Child malnutrition still remains a major concern

Heath Minister Dasho Dechen Wangmo and the Country Director for WFP Bhutan, Carrie Morrison launched the ๐—™๐—ถ๐—น๐—น ๐˜๐—ต๐—ฒ ๐—ก๐˜‚๐˜๐—ฟ๐—ถ๐—ฒ๐—ป๐˜ ๐—š๐—ฎ๐—ฝ (๐—™๐—ก๐—š) Bhutan findings and recommendations last month


Bhutan has made substantial progress in poverty reduction in recent years with household poverty declining from 23 percent to eight percent between 2007 and 2017. Nevertheless, malnutrition remains a major concern.

According to the Fill the Nutrient Gap (FNG) Bhutan, the country is facing a triple burden with over a fifth of children under five stunted, a high prevalence of micronutrient deficiencies reflected in high rates of anemia and outbreaks of vitamin B deficiency, and a rapid increase in overweight and obesity.

The FNG process in Bhutan was undertaken by the World Food Programme (WFP) in collaboration with the Ministry of Health, to support the implementation of the National Nutrition Strategy and Action Plan.

With funding from the World Bank, the FNG exercise was initiated in early 2022 with technical assistance from the Systems Analysis for Nutrition team at WFP headquarters.

The FNG states that the triple burden of malnutrition poses a major obstacle to human capital development in Bhutan. Progress in addressing malnutrition has been uneven, with worse nutrition outcomes among households in rural areas and in lower wealth quintiles.

To prevent all forms of malnutrition, it states that all individuals need to be able to access and afford healthy, nutrient-dense, and diverse diets, including the most vulnerable individuals such as children under two and pregnant and lactating women.

Therefore, the government has prioritized the fight against malnutrition as one of the most effective entry points for human development, poverty reduction and economic development.

This is reflected in landmark policies such as the Food and Nutrition Security Policy of Kingdom of Bhutan (2014), the 12th Five Year Plan (2019-2023) which identifies food and nutrition security as a National Key Result Area and, more recently, the National Nutrition Strategy and Action Plan (2020-2025).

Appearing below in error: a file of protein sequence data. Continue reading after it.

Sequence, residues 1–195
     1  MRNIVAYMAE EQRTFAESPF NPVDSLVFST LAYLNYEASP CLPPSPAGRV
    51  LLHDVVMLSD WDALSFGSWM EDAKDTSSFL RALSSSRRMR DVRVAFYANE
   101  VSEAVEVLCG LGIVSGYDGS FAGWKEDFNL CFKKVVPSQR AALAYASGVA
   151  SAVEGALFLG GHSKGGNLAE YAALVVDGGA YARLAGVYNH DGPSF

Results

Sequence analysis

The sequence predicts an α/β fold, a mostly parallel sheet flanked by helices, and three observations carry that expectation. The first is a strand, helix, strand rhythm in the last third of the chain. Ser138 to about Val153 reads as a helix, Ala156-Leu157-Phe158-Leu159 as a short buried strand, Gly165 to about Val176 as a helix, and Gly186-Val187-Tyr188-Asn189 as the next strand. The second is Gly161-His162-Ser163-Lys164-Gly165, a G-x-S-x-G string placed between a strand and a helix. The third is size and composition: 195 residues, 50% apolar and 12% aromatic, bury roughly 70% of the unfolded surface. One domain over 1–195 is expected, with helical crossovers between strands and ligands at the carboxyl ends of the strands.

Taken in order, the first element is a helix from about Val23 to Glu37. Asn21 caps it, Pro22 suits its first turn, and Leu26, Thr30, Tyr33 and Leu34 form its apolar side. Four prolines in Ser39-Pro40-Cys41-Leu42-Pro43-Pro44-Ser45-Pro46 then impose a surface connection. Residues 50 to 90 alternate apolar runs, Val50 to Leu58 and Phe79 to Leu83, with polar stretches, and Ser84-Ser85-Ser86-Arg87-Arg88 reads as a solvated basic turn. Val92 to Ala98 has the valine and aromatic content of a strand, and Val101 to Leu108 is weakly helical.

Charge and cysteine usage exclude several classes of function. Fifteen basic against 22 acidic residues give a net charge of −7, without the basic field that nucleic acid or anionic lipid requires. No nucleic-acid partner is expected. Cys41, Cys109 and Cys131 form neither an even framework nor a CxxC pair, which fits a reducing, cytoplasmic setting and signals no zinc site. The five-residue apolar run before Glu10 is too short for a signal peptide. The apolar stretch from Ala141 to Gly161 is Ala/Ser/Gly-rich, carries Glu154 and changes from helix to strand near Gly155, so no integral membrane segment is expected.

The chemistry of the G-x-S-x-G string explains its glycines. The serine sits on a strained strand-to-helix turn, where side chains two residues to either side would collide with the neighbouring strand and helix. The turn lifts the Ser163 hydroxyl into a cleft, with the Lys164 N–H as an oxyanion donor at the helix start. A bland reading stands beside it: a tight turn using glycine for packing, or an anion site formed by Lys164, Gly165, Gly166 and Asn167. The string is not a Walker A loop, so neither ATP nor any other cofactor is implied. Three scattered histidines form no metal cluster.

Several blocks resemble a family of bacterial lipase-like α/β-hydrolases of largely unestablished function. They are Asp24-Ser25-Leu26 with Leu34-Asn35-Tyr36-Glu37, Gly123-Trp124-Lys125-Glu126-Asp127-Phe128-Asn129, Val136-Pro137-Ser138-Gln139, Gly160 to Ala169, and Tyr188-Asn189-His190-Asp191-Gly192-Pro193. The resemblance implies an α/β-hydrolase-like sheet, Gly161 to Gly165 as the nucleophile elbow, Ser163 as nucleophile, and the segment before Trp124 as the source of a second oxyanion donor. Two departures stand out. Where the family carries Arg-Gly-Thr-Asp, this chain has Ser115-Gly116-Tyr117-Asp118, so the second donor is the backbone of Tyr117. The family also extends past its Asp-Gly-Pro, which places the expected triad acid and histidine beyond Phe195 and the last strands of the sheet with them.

The stakeholder engagement and analytical processes took place throughout 2022. After baseline diet cost and affordability results were shared, stakeholders participated in a prioritization exercise to identify those interventions that should be simulated and compared.

As the modelling simulation was carried out, national experts from the health, education and agriculture sectors provided inputs and validated the findings.

A final multistakeholder workshop was convened in December 2022 in which attendees identified priorities for sectoral actions for nutrition based on the FNG results.

The priority for sectoral action includes poor dietary quality and overconsumption of staples are key drivers of malnutrition in Bhutan. Meeting nutrient needs costs more than four times as much as meeting only energy needs.

Nearly three in 10 households, accounting to 27 percent, cannot afford to meet their nutrient need. Dietary patterns and suboptimal food choices also made nutritious diets less affordable, particularly for individuals with elevated nutritional needs.

Shocks, such as disruptions in supply chains, threaten to increase the proportion of households that cannot afford a nutritious diet and might reverse progress that has been made in the fight against malnutrition.

It also states that adolescent girls and pregnant and lactating women are especially vulnerable to malnutrition. However, targeted interventions can make an essential contribution to closing the nutrient gap.

Schools also play an essential role in ensuring access to good nutrition through provision of diverse and fortified meals and targeted supplementation.

For health system, the stakeholder recommends to introduce multiple micronutrient supplements for nutritionally vulnerable groups including adolescent girls, nuns and pregnant and lactating women.

It also recommends to strengthen infant and young child feeding practices, including promotion of exclusive breastfeeding for children under six months and complementary feeding for children six to 23 months.

Similarly, for education system, it recommended to utilize schools to establish healthy habits early in life through nutrition education and provision of diverse and healthy school meals.

It further recommends leveraging schools as a platform to reduce the consumption of sweetened snacks and beverages and salt through both restrictions on the use of sugary and ultra-processed foods within schools.

โ€œInvest in rice fortification infrastructure and capacity to supply all schools, including private schools, day schools currently without meal programmes, and monasteries and nunneries with fortified rice,โ€ it states.

Further, it recommended to review adequacy of the stipend provided to schools for local food procurement and revise the basket of centrally procured non-perishable commodities to improve the nutritional quality of school meals.

For food system, it recommended to leverage the success of the rice fortification programme by reviewing rice fortification standards to maximize the impact of fortification together with complementary targeted interventions.

Strengthening the capacity of blending facilities to scale-up fortified rice to unreached schools and commercial markets for the general population were other recommendations.